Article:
The Scene: Storyteller and traveling songsmith Todd Snider was joined by local Nederland favorites Great American Taxi this past Friday at the always amazing Mishawaka Amphitheater. I caught a less than half full bus from the Tasty Weasel in Longmont and was dropped off directly in front of the venue at around 8 o’clock. There was no line at the will call window or the front gate. The guy at the ticket window guaranteed me that it was not going to be selling out. There were a handful of folks around my age but the majority of the crowd was made up of middle aged fans. Quite a few older couples relaxed on blankets and lawn chairs as the cemented area before the stage slowly filled with people ready to Boogie. Leftover Salmon front-man Vince Herman, and his band Great American Taxi, set the tone for the evening as the sun began to go down behind the surrounding hills.
Great American Taxi: Americana without borders is really the only way to describe Great American Taxi. They draw from all aspects of down home music. You can clearly hear the honky-tonk, progressive bluegrass, and southern blues influences to their sound; all the while segueing between songs with countless solos and extended “jams.” Vince Herman definitely surprised me with his mandolin pickin’ ability and I definitely dug their sound and the way it contrasts to his other band, Leftover Salmon.
Herman even brought out his son Silas on the Mandolin for a really fun version of “Nobody’s Business.” Honestly, I was rather impressed with the father and son jam session. I have a feeling that Silas Herman will be a name to look out for sometime in the future. Everyone seemed to be thoroughly enjoying themselves on stage. There songs were strong ballads of life in the mountains. Being that I grew up on the Front Range, I always enjoy seeing Vince and the boys but it was especially cool in such an intimate setting. I can’t help but enjoy hearing a local band shred that hard and sing songs about the place where I’ve grown up. They ended their first set at about 10 by getting everyone on their feet for the upbeat song “Good Night To Boogie.”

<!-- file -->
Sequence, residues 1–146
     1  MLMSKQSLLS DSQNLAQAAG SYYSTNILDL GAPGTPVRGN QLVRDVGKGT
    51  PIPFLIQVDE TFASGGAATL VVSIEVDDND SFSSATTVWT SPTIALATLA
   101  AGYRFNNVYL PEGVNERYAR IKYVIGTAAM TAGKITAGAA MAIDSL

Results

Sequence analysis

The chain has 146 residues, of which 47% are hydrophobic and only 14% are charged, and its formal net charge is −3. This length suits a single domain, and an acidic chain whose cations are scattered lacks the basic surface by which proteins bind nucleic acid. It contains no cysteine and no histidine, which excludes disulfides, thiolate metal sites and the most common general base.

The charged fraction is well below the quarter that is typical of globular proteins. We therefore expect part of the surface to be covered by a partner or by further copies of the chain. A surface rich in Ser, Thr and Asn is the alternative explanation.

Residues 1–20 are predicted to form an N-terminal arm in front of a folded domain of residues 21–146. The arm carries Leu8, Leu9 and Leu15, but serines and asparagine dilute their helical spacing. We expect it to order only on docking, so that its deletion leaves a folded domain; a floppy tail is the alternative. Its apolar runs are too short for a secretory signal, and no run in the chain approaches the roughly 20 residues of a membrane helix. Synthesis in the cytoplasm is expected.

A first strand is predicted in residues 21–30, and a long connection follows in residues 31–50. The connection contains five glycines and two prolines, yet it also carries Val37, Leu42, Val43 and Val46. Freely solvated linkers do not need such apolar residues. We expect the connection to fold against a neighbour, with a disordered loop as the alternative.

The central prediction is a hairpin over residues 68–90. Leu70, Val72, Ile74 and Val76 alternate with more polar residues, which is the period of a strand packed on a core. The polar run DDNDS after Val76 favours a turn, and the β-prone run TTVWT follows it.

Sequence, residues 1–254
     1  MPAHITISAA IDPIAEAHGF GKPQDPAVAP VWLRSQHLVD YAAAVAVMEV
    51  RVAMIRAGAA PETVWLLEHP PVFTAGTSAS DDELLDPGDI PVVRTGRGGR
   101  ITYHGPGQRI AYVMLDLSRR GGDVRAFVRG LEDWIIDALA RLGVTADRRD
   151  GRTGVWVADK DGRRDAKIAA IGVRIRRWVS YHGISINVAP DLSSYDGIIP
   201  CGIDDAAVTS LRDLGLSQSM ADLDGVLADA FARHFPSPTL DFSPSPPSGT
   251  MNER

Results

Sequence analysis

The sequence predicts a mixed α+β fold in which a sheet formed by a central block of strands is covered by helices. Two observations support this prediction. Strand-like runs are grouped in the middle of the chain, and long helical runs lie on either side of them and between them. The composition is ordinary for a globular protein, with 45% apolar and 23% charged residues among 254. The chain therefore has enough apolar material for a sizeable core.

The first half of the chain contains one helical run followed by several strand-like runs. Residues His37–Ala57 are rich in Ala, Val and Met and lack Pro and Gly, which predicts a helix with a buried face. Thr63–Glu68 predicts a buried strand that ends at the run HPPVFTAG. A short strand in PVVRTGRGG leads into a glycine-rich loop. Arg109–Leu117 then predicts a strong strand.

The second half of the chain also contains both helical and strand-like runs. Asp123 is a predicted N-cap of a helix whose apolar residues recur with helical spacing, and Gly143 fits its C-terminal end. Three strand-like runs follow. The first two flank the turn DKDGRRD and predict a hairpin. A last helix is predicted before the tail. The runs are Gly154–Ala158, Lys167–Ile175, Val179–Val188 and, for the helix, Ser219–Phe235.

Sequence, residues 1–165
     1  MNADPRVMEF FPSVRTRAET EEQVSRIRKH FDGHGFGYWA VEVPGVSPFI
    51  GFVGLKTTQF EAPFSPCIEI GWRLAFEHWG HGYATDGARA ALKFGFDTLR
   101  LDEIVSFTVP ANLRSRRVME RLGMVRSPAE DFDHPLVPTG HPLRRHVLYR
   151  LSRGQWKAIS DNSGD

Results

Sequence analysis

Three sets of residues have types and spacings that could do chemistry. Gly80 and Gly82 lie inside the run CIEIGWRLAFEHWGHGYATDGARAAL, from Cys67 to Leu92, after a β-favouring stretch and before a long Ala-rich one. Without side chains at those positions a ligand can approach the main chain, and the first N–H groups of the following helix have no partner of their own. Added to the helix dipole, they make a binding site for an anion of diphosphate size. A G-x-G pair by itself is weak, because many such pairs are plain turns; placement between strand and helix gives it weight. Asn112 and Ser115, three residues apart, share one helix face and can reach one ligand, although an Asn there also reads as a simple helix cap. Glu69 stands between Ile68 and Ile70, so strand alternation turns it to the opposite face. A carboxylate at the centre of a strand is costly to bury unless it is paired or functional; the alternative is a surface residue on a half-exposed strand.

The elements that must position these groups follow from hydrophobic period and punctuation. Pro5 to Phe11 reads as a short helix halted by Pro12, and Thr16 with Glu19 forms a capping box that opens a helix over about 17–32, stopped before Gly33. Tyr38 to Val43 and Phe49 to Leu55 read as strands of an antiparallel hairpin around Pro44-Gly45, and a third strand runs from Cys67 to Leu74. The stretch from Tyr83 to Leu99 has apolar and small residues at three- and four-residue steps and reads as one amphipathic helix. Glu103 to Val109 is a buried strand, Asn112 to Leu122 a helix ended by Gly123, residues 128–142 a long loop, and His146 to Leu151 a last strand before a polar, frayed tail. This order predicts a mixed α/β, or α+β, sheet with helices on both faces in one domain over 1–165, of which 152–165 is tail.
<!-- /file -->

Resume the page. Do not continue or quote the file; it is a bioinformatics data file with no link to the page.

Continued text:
Todd Snider: Singer songwriter and Storyteller extraordinaire, Todd Snider, has been bringing his one-of-a-kind show to stages everywhere for over 15 years now. He is known for his ability to channel great storytellers like John Prine and Jerry Jeff Walker. His unique delivery and shy stage presence adds to the entire ambiance of the Todd Snider experience. A long time favorite songwriter of mine, Todd’s way with words and his complete honesty has been something I’ve been looking forward to seeing live for quite some time now and I couldn’t have asked for better weather. Right as the moon started to disappear over the tree line, an all too familiar voice cracked out of the sound system.
An old timey record player was set up at the back of the stage. You could tell a record was spinning under the needle and Snider’s voice rang out from the ancient machine. As the short introduction came to an end he moseyed on stage and picked up the fancy black acoustic guitar he is known for playing. By this time there were at least a hundred people in attendance scattered throughout the area. Although security looked strict, it didn’t appear that they were doing too much to put a halt to the aroma that filled the air as Taxi came back to the stage to serve as the backing band.